India’s Mahindra Aerospace inaugurated a 270,000-sq-ft aerostructures manufacturing plant last week at the Narsapura Industrial Estate near Bangalore. The plant opening accompanied an announcement by Mahindra that it signed a technology partnership agreement with Spanish Tier 1 supplier Aernnova Group, the first for Aernnova with an Indian aerostructures manufacturer.
Economy of India
The death knell for India’s Kingfisher Airlines sounded as lender banks took possession of the airline’s 25,850-sq-ft headquarters property in Mumbai on August 10. Carrying some $1 billion in outstanding debt, liquor tsar Vijay Mallya and his United Breweries Group have seen wholly owned Kingfisher accumulate $2.6 billion in losses since its launch in 2005. Most recently, it registered a loss of $188 million for the quarter running from April to June.
India has decided to reduce the advance-application requirements for foreign-registered aircraft to enter the country from seven to three business days for landing permits, and from three days to one business day for overflights. The move is a significant breakthrough for business aircraft operators, who have long complained that Indian bureaucracy has undermined the flexibility they seek to deliver.
The AgustaWestland deal in India for AW101 helicopters that is being investigated after bribery allegations has prompted the Indian government to re-examine its already delayed defense procurement procedure 2013 (DPP). This is now focusing on “indigenization,” which defense minister A.K. Antony described recently as the “ultimate solution to the scourge of corruption.”
The Indian government’s new budget, released on February 28, brought little relief for the country’s ailing air transport sector, although the industry awaits a possible announcement of some reduction in high aviation fuel taxes. In particular, the budget documents made no mention of hoped-for fiscal support for India’s emerging regional airline industry.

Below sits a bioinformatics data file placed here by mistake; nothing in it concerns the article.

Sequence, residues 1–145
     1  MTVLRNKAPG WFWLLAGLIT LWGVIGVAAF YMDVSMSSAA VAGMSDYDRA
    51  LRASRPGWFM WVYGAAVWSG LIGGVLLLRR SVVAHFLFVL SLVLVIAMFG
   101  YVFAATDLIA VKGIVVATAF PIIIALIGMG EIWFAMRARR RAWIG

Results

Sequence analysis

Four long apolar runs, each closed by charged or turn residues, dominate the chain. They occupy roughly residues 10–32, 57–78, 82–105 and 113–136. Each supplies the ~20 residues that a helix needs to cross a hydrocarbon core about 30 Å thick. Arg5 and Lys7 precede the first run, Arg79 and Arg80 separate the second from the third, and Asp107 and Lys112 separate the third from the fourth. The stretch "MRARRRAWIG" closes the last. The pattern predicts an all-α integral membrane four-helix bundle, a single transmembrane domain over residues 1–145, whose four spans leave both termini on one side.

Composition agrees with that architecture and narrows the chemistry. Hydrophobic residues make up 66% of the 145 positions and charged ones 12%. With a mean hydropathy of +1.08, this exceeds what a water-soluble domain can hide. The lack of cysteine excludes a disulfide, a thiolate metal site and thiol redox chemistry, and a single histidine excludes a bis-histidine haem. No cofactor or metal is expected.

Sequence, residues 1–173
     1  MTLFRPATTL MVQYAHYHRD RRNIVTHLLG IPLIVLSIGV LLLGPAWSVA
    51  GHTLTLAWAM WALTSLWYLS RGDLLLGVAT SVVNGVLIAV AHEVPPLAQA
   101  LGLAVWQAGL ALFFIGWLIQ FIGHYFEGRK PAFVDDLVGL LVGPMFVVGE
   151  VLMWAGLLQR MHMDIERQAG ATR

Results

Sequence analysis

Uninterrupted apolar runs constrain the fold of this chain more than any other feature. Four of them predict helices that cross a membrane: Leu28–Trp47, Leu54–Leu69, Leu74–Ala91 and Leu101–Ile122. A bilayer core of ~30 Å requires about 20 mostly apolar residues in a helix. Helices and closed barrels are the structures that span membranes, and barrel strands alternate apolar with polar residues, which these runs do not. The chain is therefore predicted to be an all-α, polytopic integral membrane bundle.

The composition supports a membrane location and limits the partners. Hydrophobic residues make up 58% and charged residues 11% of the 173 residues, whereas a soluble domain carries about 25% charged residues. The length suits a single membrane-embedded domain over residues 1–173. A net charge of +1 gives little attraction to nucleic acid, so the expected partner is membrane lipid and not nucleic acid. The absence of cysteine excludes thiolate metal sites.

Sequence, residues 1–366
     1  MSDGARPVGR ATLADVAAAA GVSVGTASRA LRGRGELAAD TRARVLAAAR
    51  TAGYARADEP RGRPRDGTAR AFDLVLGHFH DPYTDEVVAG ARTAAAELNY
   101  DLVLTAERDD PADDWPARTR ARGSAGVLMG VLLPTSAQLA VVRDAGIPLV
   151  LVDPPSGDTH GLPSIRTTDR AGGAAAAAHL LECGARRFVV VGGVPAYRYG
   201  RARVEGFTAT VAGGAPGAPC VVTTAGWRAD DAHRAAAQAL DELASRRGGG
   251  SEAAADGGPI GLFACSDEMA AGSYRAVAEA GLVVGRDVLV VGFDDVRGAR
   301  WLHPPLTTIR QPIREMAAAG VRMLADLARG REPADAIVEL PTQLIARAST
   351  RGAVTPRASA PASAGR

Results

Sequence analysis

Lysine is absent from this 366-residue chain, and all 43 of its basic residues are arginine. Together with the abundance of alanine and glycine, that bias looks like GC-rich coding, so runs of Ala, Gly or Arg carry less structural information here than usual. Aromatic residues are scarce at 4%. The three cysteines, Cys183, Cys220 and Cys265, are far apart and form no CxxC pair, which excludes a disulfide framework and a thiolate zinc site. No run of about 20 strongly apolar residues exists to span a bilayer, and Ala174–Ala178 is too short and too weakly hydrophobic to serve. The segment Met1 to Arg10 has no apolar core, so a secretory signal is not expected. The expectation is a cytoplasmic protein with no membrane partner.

The withdrawal of Kingfisher Airlines’ domestic airport slots and international flying rights by India’s Ministry of Civil Aviation on February 25 could make a phased restart of the carrier even more challenging. Meanwhile, authorities have de-registered 13 of the 37 aircraft parked in India, but airports haven’t allowed lessors to claim their assets until Kingfisher pays pending dues totaling $72 million.
“[Kingfisher has] to give some guarantee [to pay], said Airports Authority of India chairman V.P. Agrawal. “Bank checks worth $21 million…bounced. A legal issue is going on.”
India’s fastest growing and most successful airline–budget carrier IndiGo–has become the first victim of an October ruling by the country’s aircraft acquisition committee governing the number and kind of aircraft imported by airlines to encourage regional connectivity to smaller towns. In November the committee, led by civil aviation minister Ajit Singh, cleared for import only five of the 16 Airbus A320-series aircraft Indigo wanted to acquire.
Mahindra Aerospace, currently India’s only manufacturer of light aircraft for private/utility use, is preparing to open its new 270,000-sq-ft facility near Bangalore. This will be used for manufacturing metal components, aircraft assemblies and aerostructures, according to executive director and global CEO Arvind Mehra.
Business for general aviation providers in India is generally slow as the economy shows signs of slackening, yet 60-year-old Mumbai-based Air Works Engineering is looking at innovative ways to expand its business in India and abroad.
Striking pilots and engineers of India’s Kingfisher Airlines have accepted a three-month portion of their eight months of unpaid salaries and agreed to return to work, even as management struggles to get its suspended Scheduled Operator’s Permit reinstated. Still, civil aviation minister Ajit Singh warned that paying salaries alone would not guarantee that Kingfisher would fly again. “I think the Kingfisher problem is much bigger; even if they pay the salaries today, are they going to take off and fly? I don`t think so,” he said.
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